• Paul Krugman, New York Times:"Two weeks ago, the Democratic response to President Bush's weeklyradio address was delivered by a 12-year-old, Graeme Frost," whosustained brain injuries in a 2004 automobile accident and is enrolledin SCHIP, columnist Krugman writes in a Times opinionpiece. Frost is "exactly the kind of child the program is intended tohelp," Krugman continues, but "that didn't stop the right from mountingan all-out smear campaign against him and his family." He adds,"Politics aside, the Graeme Frost case demonstrates the true depth ofthe health care crisis: every other advanced country has universalhealth insurance, but in America, insurance is now out of reach formany hard-working families, even if they have incomes some might callmiddle-class" (Krugman, New York Times, 10/12).
  • E.J. Dionne, Washington Post:"Conservatives claim to be in favor of stable families, smallbusinesses, hard work, private schools, investment and homeownership,"columnist Dionne writes in a Post opinion piece, adding,"So why in the world are so many on the right attacking the family ofGraeme Frost?" He continues, "The real issue here is whether uninsuredfamilies with earnings similar to the Frosts' need government help tobuy health coverage," and with the "average family policy inemployer-provided plans now costing more than $12,000 annually -- theprice is usually higher for families trying to buy it on their own --the answer is plainly yes." Dionne concludes, "All the conservativeattacks on a boy from Baltimore who dared to speak out will not makethis issue go away" (Dionne, Washington Post, 10/12).

Letters to the Editor

  • Rep. Sue Myrick (R-N.C.), Charlotte Observer:When SCHIP began in 1997, "I supported it," and "I still support" it,but this bill "has lost its focus" because it "opens up avenues forillegal immigrants, wealthier families and adults to be covered,"Myrick writes in an Observer letter to the editorresponding to an Oct. 4 editorial. She adds, "We need to work togetheras Americans in a bipartisan way to correct" these problems, becausethis "particular bill was not considered by any committee in Congress,and ... it promotes too much government involvement in family healthcare decisions." She continues, "I support SCHIP enhancements, but notthis misunderstood bill" (Myrick, Charlotte Observer, 10/11).
  • Rep. Judy Biggert (R-Ill.), Chicago Tribune:"A 'second look at the facts' reveals more than a few problems with"the SCHIP bill, which would modify a program that originally was"designed to provide health care for low-income children," Biggertwrites in a letter to the editor in response to an Oct. 5 Tribuneeditorial. She continues, "But in Illinois, 45% of the SCHIP recipientsare adults -- not children," adding that "[a]ccording to the state'sprojections," the state will spend "more SCHIP money on adults than onchildren during the next fiscal year." Biggert concludes, "I would likenothing better than to vote for a good SCHIP bill. Let's quit thepolitical nonsense and pass a compromise that puts needy children firstand pays for it honestly" (Biggert, Chicago Tribune, 10/11).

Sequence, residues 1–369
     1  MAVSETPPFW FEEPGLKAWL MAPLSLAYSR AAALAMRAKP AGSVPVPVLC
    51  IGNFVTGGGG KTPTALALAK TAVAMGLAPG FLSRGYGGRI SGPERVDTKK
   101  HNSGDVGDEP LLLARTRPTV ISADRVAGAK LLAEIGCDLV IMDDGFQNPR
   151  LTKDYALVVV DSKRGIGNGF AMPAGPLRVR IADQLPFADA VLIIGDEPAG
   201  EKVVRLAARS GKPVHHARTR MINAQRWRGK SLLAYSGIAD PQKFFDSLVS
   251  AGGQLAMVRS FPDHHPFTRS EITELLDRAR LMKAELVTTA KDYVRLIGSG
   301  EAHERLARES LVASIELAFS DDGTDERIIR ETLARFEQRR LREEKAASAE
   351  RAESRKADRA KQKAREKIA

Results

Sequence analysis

• Jim Wordelman, Idaho Statesman:"AARP believes that SCHIP is a smart and affordable way to reduce thenumber of uninsured people in this country," and "paying for children'shealth coverage with a tobacco tax could help improve the health of theentire country by reducing smoking at all ages," Wordelman, statedirector for AARP Idaho, writes in a Statesman letter to the editor (Idaho Statesman, 10/10).
  • Edward Langston, USA Today:"It is unconscionable that in a country as prosperous as the UnitedStates is, the number of uninsured children has increased by nearly onemillion over the past two years," Langston, board chair of the American Medical Association, writes in a USA Todayletter to the editor. He says that is "critical" for Congress toreauthorize SCHIP "so that the 6.6 million children who rely on theprogram aren't forced to join the swelling ranks of the uninsured"(Langston, USA Today, 10/12).
  • Sens. Orrin Hatch (R-Utah) and Chuck Grassley (R-Iowa), Wall Street Journal: "We were dismayed by the mischaracterization" in a Sept. 28 Journal editorialon the SCHIP reauthorization legislation, Hatch and Grassley write in aletter to the editor. They continue, "You did not accurately portraythe work and diligence that went into crafting this truly bipartisancompromise, which passed the Senate twice with 18 Republican senatorsvoting 'aye.'" The senators conclude, "This is not an entitlementprogram. The legislation passed by the House would have turned SCHIPinto an uncapped entitlement, but the compromise bill maintains theSenate position for a capped block grant" (Hatch/Grassley, Wall Street Journal, 10/12).

Reprinted with permission from kaisernetwork.org. Youcan view the entire Kaiser DailyHealth Policy Report, search the archives, and sign up for email deliveryat kaisernetwork.org/email. The Kaiser Daily Health Policy Report is published for kaisernetwork.org, afree service of The Henry J. Kaiser Family Foundation.